This study examines adolescents’ personal values within the sport context, and the connection between those values and pro- and antisocial behaviours towards teammates and opponents on the part of young players. To measure these variables, we administered the 21-item Portrait Values Questionnaire and the Prosocial and Antisocial Behavior in Sport Scale to 172 team sports athletes between 13 and 19 years of age. Findings showed that young players attributed the greatest importance to self-transcendence values and the least importance to self-enhancement values. Values were significantly related to adolescents’ prosocial and, to a greater degree, antisocial behaviours. In particular, antisocial behaviours were positively related to values of self-enhancement and openness to change, but were discouraged by values related to self-transcendence and conservation. Interestingly, the relationship between values of self-transcendence and openness to change and antisocial behaviour towards teammates, and that between values of self-enhancement and antisocial behaviour towards opponents were moderated by parental pressure towards their children in sport. Parental pressure also moderated the relationship between conservation values and openness to change and prosocial behaviour towards teammates. Implications and further expansion of the study are discussed.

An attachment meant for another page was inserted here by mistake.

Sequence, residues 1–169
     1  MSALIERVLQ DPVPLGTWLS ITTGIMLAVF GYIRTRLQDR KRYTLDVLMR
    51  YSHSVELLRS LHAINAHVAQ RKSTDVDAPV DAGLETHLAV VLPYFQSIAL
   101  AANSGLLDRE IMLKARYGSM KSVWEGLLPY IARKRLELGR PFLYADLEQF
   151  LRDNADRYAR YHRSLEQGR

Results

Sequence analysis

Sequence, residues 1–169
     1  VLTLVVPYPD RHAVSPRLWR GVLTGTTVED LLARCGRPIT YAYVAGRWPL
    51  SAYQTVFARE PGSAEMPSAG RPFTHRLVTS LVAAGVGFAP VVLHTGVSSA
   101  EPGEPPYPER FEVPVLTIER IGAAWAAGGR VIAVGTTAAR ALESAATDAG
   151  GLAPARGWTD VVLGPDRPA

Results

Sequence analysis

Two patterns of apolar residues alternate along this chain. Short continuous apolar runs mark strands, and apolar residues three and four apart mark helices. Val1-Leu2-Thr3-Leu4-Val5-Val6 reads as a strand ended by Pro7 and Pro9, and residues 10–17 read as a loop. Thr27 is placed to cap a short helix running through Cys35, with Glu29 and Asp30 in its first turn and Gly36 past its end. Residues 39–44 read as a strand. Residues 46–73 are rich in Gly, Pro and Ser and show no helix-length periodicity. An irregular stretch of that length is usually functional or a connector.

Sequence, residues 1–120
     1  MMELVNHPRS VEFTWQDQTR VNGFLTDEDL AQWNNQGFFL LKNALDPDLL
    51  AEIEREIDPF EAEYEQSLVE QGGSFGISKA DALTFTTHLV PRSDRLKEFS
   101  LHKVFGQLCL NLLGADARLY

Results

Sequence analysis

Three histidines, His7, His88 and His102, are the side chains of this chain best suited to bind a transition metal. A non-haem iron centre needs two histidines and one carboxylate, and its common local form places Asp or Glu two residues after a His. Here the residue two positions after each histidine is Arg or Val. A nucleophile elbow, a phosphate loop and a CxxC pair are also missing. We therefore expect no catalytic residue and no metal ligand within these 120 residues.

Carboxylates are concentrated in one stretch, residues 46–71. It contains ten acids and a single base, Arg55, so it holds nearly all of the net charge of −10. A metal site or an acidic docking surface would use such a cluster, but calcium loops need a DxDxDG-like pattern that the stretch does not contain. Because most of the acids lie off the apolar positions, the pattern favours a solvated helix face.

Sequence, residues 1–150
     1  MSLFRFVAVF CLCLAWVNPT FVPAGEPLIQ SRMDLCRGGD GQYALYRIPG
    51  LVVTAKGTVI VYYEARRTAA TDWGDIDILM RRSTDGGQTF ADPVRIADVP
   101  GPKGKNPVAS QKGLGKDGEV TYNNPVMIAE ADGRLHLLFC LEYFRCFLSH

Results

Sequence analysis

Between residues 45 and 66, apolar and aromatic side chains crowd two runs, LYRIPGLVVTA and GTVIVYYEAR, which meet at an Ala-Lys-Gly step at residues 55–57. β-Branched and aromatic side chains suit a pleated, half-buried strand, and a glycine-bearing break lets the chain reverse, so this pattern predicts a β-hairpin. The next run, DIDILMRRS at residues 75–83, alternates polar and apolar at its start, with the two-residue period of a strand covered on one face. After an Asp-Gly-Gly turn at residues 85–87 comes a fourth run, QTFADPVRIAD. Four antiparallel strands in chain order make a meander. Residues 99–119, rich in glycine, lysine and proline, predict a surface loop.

|Number of pages||18|
|Journal||INTERNATIONAL JOURNAL OF SPORT & EXERCISE PSYCHOLOGY|
|Publication status||Published - 2017|
- values, antisocial and prosocial behaviours, parental pressure, team sports